PATIENTS at Ingutsheni Hospital are being stalked by pellagra and malnutrition as their diet has been reduced to just isitshwala and vegetables, with authorities there saying the hospital is facing financial challenges.
Sources within the institution said the food situation was so bad that patients were being given porridge without sugar.
A source, who refused to be named for professional reasons, said there were a number of patients suffering from pellagra lesions.
“Many are suffering from pellagra lesions, which are wounds found in the areas of the body not usually covered by clothes,” the source said.
“In 2006, patients died after they had suffered from pellagra before developing other complications that contributed to their death.”
Pellagra, a result of malnutrition, is a disease caused by vitamin B deficiency.
In the past, there have been reports that Ingutsheni — the country’s largest mental referral hospital — faced critical financial problems, leading to a poor diet for its patients.
Sources at the hospital said they could only provide a limited diet of isitshwala and vegetables, but this was beginning to take its toll on the inmates’ healthn.
Contacted for comment, operations director Nyasha Chibvongodze said the poor diet was a result of financial constraints the institution is facing as a result of the prevailing economic environment in the country.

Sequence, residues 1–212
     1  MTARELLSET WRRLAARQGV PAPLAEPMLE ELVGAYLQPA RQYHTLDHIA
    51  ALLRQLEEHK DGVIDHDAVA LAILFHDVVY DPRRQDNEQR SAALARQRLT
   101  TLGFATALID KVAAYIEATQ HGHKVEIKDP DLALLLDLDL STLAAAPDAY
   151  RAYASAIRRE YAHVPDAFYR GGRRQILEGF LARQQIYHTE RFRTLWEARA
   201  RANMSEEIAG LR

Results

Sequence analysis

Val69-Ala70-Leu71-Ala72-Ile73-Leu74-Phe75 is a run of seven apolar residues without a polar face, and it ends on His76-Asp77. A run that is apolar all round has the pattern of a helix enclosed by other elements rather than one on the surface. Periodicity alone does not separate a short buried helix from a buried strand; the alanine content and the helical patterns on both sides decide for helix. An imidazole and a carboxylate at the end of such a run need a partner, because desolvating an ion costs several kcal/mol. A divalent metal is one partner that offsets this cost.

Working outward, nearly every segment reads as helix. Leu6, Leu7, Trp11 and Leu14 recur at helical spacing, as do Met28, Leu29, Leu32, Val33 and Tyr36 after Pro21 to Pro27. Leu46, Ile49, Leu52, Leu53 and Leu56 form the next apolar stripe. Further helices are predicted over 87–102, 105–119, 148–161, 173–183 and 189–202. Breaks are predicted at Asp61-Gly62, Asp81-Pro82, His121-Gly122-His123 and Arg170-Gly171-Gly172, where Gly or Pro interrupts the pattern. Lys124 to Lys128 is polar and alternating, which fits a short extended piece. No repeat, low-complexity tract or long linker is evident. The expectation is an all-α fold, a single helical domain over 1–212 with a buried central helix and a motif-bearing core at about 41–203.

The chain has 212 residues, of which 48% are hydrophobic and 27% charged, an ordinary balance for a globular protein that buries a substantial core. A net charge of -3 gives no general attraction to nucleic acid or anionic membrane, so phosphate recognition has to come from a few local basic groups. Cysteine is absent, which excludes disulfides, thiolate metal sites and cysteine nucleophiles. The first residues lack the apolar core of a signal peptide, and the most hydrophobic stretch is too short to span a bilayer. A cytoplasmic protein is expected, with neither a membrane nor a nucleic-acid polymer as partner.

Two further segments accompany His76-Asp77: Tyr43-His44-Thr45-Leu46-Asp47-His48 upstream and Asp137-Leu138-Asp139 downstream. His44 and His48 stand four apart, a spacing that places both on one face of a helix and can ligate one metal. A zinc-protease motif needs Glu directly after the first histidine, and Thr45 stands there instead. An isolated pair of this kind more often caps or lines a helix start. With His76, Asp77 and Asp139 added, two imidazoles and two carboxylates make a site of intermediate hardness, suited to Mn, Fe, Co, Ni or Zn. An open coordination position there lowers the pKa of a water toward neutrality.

“Like any other government institution, Ingutsheni Central Hospital faces financial constraints as a result of the prevailing economic environment in the country,” he said.
“This results in the sporadic shortages of beef and sugar beans, which are sources of protein.”
Chibvongodze said the situation was not as bad as it was being played out to be, saying they were getting support from the Health ministry and the community.
“The situation is not serious mainly because the hospital enjoys a lot of support from the community — churches, companies and individuals,” he said.
“The ministry’s nutrition department provides us with plumpy nuts, which augment the patients’ nutritional requirements.
“We are operating at a reasonable capacity diet wise.”
Chibvongodze said they had not received any report of patients being affected by malnutrition or pellagra lesions.
“We have no patients affected by malnutrition nor is there an outbreak of pellagra lesions at this institution,” he said.